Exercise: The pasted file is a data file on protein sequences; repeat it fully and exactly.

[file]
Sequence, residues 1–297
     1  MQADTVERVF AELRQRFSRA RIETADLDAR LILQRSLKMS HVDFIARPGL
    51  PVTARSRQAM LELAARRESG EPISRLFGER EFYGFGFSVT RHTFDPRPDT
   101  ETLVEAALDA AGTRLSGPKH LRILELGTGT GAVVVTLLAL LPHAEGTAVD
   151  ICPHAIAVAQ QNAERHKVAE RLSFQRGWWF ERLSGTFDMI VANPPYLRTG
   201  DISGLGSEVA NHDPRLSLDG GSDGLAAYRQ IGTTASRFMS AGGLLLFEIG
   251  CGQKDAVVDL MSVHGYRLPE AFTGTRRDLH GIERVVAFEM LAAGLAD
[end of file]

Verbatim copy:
Sequence, residues 1–297
     1  MQADTVERVF AELRQRFSRA RIETADLDAR LILQRSLKMS HVDFIARPGL
    51  PVTARSRQAM LELAARRESG EPISRLFGER EFYGFGFSVT RHTFDPRPDT
   101  ETLVEAALDA AGTRLSGPKH LRILELGTGT GAVVVTLLAL LPHAEGTAVD
   151  ICPHAIAVAQ QNAERHKVAE RLSFQRGWWF ERLSGTFDMI VANPPYLRTG
   201  DISGLGSEVA NHDPRLSLDG GSDGLAAYRQ IGTTASRFMS AGGLLLFEIG
   251  CGQKDAVVDL MSVHGYRLPE AFTGTRRDLH GIERVVAFEM LAAGLAD